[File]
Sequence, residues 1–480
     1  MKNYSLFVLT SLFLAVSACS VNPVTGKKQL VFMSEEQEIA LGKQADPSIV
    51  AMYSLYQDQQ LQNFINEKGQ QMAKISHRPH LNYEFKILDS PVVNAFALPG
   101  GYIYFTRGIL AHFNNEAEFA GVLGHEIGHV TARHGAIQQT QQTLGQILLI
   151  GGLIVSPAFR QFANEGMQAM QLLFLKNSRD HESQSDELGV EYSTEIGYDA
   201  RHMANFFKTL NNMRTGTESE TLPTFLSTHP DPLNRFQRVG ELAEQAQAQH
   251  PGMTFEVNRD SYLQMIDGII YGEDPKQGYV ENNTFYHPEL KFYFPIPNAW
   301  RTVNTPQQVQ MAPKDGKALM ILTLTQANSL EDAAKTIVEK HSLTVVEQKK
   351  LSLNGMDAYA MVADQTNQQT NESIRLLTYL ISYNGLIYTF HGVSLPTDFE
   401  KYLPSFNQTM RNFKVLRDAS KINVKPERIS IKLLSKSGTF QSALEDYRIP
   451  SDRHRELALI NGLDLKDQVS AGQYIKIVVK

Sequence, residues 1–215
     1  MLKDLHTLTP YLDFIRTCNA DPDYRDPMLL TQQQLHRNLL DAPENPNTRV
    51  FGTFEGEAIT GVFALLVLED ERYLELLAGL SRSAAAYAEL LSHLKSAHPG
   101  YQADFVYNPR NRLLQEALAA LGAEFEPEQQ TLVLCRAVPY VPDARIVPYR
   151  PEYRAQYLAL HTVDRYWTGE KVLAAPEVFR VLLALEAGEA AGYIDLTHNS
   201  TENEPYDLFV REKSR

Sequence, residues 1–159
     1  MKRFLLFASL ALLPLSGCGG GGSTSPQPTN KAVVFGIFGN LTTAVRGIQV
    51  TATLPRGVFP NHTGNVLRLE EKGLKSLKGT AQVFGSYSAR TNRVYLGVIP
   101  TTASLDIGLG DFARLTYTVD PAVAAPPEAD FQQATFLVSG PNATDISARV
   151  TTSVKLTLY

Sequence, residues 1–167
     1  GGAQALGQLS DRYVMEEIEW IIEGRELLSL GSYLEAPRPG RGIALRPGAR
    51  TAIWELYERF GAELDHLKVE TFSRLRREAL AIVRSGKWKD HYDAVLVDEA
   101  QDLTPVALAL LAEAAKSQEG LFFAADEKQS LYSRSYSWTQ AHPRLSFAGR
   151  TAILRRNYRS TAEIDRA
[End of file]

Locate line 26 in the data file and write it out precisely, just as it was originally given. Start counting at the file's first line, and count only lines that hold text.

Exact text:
   101  QDLTPVALAL LAEAAKSQEG LFFAADEKQS LYSRSYSWTQ AHPRLSFAGR